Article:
Ghana – gateway for doing business in West Africa

The delegations from HandsOn Systems, led by Chairman Anthony De Bono (fourth from left) with the Ghana Deputy High Commissioner, Ag. Head of Mission, Mr Amanor T. Daku-Mante (centre) and another official from the Ghana High Commission. CEO Geoffrey Farrugia is second from left and Adrian Borg, international business development manager is on right.

Last Updated on Friday, 22 January, 2021 at 1:01 pm by Andre Camilleri

One of the key areas of focus of Adrian Borg, International Business Development Manager of HandsOn Systems, is to expand the company’s operations in the African continent. With Ghana hosting the Secretariat of the African Continental Free Trade Area (AfCFTA),which started trading on 1 January 2021, HandsOn sees the country as a gateway not just to the Western region but to the entire continent.

Late last year, a delegation from HandsOn Systems, led by the company chairman Anthony De Bono, paid a courtesy call on the Deputy High Commissioner of Ghana in Malta, Ag. Head of Mission, Mr Amanor T. Daku-Mante. HandsOn Systems international business development manager Adrian Borg, who attended the meeting, along with CEO Geoffrey Farrugia, described the meeting as fruitful and interesting.

“It is important to network with the diplomatic representatives of the countries in which we are operating since they can give us insight on how business can develop, and build contacts in both the public and private sectors, helping us to infiltrate the country in the most seamless and effective manner,” Mr Borg said. “The term of the previous High Commissioner came to an end last November and Mr Amanor T. Daku-Mante is acting as the Head of Mission, pending the arrival of a successor.”

During the highly cordial meeting, the Maltese government’s initiatives to develop trade relations with Ghana were discussed, especially in view of the establishment of a subsidiary of HandsOn Systems in Ghana in 2018. Ag. Head of Mission, Mr Amanor T. Daku-Mante and his team showed great interest in the company’s initiatives and its technology, which it is already deploying in the country, and expressed a willingness to help the company with key introductions and overall support.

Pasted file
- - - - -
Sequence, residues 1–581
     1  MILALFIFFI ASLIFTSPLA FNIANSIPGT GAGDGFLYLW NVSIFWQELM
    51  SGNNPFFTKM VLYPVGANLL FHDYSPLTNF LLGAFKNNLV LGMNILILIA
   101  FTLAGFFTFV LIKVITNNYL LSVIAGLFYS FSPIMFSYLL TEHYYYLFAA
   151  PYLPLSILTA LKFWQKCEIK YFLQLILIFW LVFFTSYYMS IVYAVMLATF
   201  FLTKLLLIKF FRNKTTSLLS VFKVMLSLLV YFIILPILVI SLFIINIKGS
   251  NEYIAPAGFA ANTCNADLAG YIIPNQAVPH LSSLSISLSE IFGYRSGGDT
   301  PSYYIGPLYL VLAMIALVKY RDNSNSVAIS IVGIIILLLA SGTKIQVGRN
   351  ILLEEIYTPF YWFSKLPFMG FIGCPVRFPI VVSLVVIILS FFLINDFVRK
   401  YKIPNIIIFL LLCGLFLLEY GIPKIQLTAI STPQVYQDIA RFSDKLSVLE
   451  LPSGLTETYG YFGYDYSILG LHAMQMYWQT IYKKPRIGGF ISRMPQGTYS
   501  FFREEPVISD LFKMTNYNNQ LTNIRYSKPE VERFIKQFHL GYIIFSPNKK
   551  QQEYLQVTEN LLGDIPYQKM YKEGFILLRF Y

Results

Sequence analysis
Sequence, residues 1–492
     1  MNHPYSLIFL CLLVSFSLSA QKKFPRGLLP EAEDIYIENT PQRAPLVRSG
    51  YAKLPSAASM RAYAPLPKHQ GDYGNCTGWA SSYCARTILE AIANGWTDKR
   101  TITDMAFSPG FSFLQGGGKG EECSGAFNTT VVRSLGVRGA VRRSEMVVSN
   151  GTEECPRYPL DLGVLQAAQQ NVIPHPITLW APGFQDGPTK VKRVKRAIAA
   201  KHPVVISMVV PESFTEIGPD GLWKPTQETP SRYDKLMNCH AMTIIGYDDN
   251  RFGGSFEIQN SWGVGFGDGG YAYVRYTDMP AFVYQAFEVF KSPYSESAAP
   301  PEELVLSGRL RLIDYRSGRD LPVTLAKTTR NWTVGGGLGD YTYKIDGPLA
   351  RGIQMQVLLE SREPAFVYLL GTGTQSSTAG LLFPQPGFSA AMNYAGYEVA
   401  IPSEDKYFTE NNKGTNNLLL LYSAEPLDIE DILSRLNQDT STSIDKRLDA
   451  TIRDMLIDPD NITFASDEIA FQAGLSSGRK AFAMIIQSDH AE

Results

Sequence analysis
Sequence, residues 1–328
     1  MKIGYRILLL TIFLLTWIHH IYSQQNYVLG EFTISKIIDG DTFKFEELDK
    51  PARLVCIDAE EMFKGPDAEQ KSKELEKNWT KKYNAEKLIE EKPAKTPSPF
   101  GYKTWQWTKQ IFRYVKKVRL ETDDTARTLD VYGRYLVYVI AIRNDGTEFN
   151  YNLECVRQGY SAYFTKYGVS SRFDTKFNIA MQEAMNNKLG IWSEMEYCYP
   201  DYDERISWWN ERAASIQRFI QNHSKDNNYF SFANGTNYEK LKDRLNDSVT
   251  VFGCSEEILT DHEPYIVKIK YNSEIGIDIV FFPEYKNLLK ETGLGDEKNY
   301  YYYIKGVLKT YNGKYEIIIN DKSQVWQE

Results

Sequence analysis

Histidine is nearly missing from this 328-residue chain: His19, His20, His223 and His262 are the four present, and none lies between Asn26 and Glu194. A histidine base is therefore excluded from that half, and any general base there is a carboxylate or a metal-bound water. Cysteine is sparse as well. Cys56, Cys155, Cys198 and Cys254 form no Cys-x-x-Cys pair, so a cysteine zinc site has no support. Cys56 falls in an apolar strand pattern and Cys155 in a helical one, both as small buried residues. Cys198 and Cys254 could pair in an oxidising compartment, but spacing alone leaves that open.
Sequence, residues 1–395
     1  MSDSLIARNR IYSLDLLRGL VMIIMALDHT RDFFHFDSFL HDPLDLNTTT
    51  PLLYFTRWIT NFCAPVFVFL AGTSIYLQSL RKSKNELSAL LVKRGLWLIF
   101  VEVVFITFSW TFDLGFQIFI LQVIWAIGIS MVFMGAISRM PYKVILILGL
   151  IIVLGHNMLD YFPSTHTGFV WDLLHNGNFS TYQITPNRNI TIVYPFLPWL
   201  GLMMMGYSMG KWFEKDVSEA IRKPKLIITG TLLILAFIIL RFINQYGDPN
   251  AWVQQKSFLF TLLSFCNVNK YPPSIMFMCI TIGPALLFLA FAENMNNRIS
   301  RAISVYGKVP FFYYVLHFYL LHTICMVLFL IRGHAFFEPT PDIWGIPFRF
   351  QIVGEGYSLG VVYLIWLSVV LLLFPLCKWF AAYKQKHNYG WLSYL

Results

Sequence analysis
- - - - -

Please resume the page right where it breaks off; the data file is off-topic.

Although the primary focus in West Africa is Ghana, HandsOn Systems’ strategy is to use Ghana as a stepping-stone to other countries in the region, including Benin, Togo, Nigeria and the Ivory Coast. “Ghana is considered one of the most stable and the point of departure for this region from a business perspective,” Mr Borg said.

The African Continental Free Trade Area, founded in 2018, already has 54 of the 55 African Union members as signatories. The free trade area is the largest in the world in terms of the number of participating countries since the formation of the World Trade Organisation.

The agreement initially requires AfCFTA members to remove tariffs from 90% of goods, allowing free access to commodities, goods and services across the continent. The United Nations Economic Commission for Africa estimates that the agreement will boost intra-African trade by 52 per cent by 2022.

Mr Borg is in daily contact with the team in the Ghana subsidiary, headed by a manager and including a technician and a support executive. “What I have managed to do since I joined HandsOn Systems last May is to start growing a network of partners who have the contacts and have developed the clientele in these countries, enabling us to go to them with our technology.